The Competition and Markets Authority (CMA) is seeking to protect supermarket shoppers by securing agreements from Sainsbury’s and Asda to stop using anti-competitive land agreements. On 13 June 2023, the CMA published letters that it sent to Asda and Sainsbury’s in relation to breaches of the Groceries Market Investigation (Controlled Land) Order 2010 (the Order).
The purpose of the Order is to prevent control of land by a small number of large retailers. The Order banned large retailers from preventing a piece of land being used as a supermarket by a rival business, and also prohibited the large retailers from agreeing long term exclusivity agreements with landowners. This means that the large supermarket chains cannot prevent other land from being used by their competitors. The CMA wants supermarkets to compete more freely, thus ensuring that shoppers have more choice and access to cheaper prices, which is of course more important as the cost of living rises.
The CMA wrote to all retailers within the scope of the Order and asked them to assess their own compliance with the law. As a result, it was established that Sainsbury’s had breached the Order 18 times between 2011 and 2019, and Asda had breached the Order 14 times between 2011 and 2019. All of Asda’s breaches have now ceased, and Sainsbury’s have so far ceased nine breaches with the promise of addressing the remaining nine.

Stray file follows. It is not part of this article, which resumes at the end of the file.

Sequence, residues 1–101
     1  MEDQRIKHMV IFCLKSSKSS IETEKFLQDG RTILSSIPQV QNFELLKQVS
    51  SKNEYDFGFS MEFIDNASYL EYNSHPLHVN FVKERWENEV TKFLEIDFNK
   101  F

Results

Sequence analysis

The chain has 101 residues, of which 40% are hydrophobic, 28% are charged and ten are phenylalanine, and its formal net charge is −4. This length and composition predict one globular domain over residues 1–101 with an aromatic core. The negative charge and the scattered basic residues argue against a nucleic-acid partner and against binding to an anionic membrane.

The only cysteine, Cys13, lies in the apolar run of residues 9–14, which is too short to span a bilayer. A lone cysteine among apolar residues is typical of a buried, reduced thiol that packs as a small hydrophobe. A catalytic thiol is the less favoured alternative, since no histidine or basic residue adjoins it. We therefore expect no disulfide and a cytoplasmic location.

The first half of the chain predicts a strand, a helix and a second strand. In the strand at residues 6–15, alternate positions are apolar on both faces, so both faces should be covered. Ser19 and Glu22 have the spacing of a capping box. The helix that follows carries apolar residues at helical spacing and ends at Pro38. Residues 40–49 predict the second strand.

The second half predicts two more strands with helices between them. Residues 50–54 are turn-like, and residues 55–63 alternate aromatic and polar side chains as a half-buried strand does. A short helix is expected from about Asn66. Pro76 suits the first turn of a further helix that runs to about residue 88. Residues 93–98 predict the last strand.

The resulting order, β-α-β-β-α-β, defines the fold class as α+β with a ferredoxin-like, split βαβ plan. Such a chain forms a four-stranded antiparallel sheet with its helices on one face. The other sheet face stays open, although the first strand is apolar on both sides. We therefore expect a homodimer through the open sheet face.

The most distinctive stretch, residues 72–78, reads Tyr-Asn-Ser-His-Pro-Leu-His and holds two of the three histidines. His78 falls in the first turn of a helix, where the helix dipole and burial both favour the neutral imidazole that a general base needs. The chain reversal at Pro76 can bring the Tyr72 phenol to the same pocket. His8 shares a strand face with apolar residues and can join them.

Such enforcement action is nothing new. The CMA took similar action for breaches of the same rules by Tesco in 2020 for 23 breaches and Waitrose in 2022 for seven breaches.
Whilst each of these supermarkets has co-operated with the CMA, it is of concern that such breaches of the Order are occurring. The Order has been in force since 2010, and it is a serious shortcoming that such well-resourced businesses are not complying with rules intended to protect their customers.
The CMA is currently assessing whether any failure in competition is contributing to grocery prices being higher than they would be in a well-functioning market. At this stage the CMA has not seen evidence pointing to specific new competition concerns in the grocery sector, but it is important to be sure that weak competition is not adding to the cost of living.
While the CMA does not currently have the power to impose financial penalties on those who breach the Order, it expects to be provided with this power in the future. Such enhanced CMA powers would increase incentives for businesses to comply with competition rules going forward, and hopefully help to ease the cost of living crisis for all consumers.
With the present focus on compliance with the Order, it is important that businesses obtain sound advice when negotiating land agreements. If you require assistance in relation to a land agreement, please contact Beth Margetson, Phil Hunt or Jack Cook.